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Lack of clarity

April 30, 2010

Prime Minsiter Manmohan Singh and his Pakistan counterpart Yusuf Raza Gilani met on the sidelines of the SAARC summit. Or shall we say that the SAARC (South Asian Association for Regional Cooperation) summit was held on the sidelines of the Manmohan-Gilani meet, and as G. Parthasarthy, former Indian diplomat said, this was the irony of the situation. There was too much hype on the Manmohan-Gilani meeting that lasted all of 50 precious minutes. India’s relations with Bangladesh, Afghanistan, Maldives, Sri Lanka, Nepal and Bhutan are equally important to Indian interests and to the Indian people. Be as it may, perhaps the presence of international forces in Afghanistan made the Manmohan-Gilani meeting the talk of the summit. I am sure the Indian delegation headed by Manmohan Singh utilized the opportunity to reach out to all the members of SAARC and not just Pakistan.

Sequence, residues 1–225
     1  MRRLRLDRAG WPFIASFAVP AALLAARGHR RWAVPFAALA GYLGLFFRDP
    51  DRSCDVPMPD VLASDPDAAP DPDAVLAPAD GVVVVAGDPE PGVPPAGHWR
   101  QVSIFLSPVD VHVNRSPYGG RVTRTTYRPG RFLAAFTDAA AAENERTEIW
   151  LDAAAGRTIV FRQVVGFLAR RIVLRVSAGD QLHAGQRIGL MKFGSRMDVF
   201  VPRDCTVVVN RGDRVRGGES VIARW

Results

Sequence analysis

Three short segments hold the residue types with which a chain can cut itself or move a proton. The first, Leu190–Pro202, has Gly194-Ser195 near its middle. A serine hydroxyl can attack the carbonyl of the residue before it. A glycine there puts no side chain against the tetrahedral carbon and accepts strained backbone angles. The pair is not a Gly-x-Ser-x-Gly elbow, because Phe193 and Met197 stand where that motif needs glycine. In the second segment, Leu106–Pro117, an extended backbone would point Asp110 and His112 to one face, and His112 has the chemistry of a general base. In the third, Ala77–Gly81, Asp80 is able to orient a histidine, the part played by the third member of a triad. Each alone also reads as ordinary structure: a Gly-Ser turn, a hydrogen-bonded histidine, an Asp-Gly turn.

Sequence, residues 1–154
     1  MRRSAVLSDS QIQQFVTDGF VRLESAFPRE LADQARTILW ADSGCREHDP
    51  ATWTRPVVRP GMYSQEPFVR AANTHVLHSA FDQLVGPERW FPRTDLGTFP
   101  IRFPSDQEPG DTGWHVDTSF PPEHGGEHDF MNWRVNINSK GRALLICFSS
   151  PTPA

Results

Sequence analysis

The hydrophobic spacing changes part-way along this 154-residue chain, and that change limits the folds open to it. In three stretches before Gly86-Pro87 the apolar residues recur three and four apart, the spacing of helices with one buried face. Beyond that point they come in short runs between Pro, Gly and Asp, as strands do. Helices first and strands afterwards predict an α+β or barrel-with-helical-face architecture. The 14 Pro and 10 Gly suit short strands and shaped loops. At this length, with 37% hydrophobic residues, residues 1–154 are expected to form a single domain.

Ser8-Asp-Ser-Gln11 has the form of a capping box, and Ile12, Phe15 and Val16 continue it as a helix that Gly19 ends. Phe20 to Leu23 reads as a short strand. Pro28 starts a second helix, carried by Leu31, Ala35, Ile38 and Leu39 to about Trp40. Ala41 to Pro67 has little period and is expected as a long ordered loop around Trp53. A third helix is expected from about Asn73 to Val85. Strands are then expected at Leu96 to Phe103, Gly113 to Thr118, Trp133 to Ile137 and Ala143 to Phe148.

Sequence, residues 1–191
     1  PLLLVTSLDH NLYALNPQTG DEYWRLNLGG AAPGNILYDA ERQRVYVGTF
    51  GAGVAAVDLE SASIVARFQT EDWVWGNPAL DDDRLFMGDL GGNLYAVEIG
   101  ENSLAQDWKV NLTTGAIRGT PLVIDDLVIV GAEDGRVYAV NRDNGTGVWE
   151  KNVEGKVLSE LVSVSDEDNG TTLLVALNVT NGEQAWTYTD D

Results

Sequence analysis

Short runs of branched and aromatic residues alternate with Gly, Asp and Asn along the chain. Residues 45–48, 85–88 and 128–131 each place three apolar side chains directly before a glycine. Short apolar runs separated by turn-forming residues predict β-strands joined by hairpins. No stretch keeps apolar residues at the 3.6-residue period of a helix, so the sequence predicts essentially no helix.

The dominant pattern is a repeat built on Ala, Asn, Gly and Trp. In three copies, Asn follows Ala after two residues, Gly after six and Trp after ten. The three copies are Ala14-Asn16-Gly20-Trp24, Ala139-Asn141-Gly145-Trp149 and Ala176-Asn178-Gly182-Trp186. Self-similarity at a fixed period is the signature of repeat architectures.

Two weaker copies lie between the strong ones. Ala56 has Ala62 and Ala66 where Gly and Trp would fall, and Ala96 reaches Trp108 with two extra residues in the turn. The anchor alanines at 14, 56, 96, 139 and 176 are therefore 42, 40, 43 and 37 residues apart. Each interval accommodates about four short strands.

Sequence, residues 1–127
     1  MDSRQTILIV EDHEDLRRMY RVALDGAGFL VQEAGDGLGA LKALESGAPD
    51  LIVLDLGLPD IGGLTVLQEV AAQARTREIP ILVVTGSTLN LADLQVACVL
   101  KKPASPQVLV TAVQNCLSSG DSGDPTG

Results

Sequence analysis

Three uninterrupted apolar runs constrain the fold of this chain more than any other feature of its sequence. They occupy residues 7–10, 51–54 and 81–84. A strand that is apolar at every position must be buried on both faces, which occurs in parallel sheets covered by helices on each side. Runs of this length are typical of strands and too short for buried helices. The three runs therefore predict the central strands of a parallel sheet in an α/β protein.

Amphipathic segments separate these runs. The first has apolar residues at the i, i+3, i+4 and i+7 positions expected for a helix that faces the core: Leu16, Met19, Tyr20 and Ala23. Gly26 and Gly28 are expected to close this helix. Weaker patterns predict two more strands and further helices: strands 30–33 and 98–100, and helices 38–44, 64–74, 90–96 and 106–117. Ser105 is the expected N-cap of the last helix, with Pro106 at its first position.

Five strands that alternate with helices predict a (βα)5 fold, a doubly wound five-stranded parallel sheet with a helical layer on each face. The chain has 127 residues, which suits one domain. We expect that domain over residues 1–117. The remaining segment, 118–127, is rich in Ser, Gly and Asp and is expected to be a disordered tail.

The Manmohan-Gilani meet was a resumption of formal dialogue between the two countries post 26/11 Mumbai attacks. This was a big step forward in itself and leaders of both the nations need to be congratulated on reaching out to each other at this critical juncture. Yes, this is a critical time for the region. The future of South Asia may be decided by the steps taken by the leaderships of the two countries and to some extent by the leadership of Afghanistan too. It may be added here that Pakistan had amassed more than hundred thousand troops along its eastern borders with India. What prompted such an aggressive posture by Pakistan still remains a mystery, suffice to say that Pakistan had focused on the Indian side of their border and there were massive military exercises conducted by the Pakistan army along with their air force.